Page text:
Digital watermarks for the automatic sorting of packaging are seen as a beacon of hope for the circular economy. Now the HolyGrail 2.0 initiative has announced the successful end of the test phase of a recognition device for such watermarks.
The Digital Watermarks Initiative HolyGrail 2.0, driven by AIM â€“ European Brands Association and powered by the Alliance to End Plastic Waste, has achieved a significant milestone with the successful validation, after semi-industrial testing mimicking real-life conditions, of the prototype detection unit for digital watermarks. The results show that the digital watermark technology can achieve more granular sorting of packaging waste at scale, such as developing separate food and other new PCR streams that currently do not exist (e.g. for cosmetic or detergent applications). This would open up new recycling streams, effectively overcoming limitations of current near-infrared (NIR) sorting technologies, and drive a true circular economy for packaging.
Consistent high results across all tested categories of plastic packaging material of 99% detection, 95% ejection and 95% purity rates, on average, demonstrate an impressive performance of the first prototype. Developed by the machine vendor Pellenc ST and the digital watermarks technology supplier Digimarc, the detection unit is now ready for industrial-scale pilots, which are planned to start later this year. Details on industrial partners and packaging scope will be released at upcoming conferences.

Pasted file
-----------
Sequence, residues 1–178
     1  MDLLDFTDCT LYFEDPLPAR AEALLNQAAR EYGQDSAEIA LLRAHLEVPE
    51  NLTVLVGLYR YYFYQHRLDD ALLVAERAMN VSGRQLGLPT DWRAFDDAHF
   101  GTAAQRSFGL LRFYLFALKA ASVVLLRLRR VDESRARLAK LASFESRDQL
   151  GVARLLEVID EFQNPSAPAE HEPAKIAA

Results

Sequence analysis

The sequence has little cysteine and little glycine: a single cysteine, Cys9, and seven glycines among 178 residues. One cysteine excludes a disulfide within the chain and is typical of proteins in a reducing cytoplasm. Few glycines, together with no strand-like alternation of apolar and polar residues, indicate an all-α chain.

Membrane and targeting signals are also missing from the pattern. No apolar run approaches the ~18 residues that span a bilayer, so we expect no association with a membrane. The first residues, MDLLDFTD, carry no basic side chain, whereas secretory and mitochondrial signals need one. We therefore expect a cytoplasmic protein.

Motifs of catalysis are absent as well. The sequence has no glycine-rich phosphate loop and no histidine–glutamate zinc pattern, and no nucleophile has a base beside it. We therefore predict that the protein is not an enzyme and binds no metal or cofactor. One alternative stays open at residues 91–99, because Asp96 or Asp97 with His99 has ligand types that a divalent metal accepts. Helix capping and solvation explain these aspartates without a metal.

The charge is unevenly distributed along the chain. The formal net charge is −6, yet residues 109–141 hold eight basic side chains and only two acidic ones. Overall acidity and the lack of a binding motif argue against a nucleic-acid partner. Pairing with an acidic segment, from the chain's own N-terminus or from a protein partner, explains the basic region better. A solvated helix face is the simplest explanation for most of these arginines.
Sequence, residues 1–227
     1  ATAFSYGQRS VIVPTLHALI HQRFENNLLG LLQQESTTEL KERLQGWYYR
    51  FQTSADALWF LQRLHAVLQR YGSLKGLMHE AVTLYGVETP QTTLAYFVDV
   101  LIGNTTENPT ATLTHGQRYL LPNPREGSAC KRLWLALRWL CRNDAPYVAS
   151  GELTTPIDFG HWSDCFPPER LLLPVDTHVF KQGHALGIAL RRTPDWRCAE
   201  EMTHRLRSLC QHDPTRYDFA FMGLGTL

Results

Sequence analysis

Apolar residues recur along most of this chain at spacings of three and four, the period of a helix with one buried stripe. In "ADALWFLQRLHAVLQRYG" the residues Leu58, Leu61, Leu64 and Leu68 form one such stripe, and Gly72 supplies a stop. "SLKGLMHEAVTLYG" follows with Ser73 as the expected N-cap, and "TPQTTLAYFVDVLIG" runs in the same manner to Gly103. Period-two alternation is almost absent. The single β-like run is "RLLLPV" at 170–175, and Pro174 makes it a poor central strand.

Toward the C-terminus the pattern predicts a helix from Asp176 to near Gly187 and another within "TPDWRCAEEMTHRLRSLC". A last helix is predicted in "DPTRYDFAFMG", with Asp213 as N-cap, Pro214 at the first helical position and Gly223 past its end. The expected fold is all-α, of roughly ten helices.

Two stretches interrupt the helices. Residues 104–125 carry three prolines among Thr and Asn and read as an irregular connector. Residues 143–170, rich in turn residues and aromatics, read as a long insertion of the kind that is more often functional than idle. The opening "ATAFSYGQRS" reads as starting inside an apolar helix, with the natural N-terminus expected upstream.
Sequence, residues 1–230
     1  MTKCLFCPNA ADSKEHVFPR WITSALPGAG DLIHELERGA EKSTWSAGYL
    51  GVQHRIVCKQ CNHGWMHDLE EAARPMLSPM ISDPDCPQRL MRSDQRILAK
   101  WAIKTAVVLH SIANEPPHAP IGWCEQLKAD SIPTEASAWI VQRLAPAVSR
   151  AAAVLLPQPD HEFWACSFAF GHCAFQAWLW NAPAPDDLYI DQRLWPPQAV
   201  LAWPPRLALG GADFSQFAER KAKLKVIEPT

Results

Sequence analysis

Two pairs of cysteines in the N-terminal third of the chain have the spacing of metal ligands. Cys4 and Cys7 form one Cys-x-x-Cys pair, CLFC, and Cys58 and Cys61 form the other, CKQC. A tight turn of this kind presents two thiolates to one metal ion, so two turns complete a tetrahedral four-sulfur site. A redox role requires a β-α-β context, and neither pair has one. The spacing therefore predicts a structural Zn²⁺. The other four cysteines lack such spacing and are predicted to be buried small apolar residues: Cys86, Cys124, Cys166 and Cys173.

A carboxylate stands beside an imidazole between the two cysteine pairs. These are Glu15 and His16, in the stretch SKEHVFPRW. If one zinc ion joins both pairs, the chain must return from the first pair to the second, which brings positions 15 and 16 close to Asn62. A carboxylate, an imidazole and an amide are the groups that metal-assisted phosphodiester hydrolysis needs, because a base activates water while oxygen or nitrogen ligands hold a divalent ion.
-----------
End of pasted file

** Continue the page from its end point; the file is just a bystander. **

Industrial-scale pilot projects coming soon?
“We have achieved our objective of proving digital watermarks can increase intelligent sorting of packaging waste at scale, enabling new recycling streams that currently do not exist. This would be a fantastic leap forward in achieving the EU recycling goals,” remarked Michelle Gibbons, Director General of AIM. “Innovation and digital are the core drivers towards the Green Transition and this has been brought to life through HolyGrail 2.0. The engagement across the value chain by dedicated experts and teams to get to this point has been remarkable; now, market participants can decide to be part of industrial-scale pilots, to test this at an even bigger scale in Europe.”
“The completion of the semi-industrial trials is a very important milestone in the HolyGrail 2.0 initiative. We are one step closer to making intelligent waste sorting a reality through digital watermarks,” said Jacob Duer, President and CEO of the Alliance to End Plastic Waste. “The HolyGrail project is an excellent example of how engaged and committed businesses coming together around a very clear goal can accelerate the development of new solutions. As we move into the next stage of in-market demonstrations, we strongly encourage more businesses and partners to join us in scaling up testing and adoption.”
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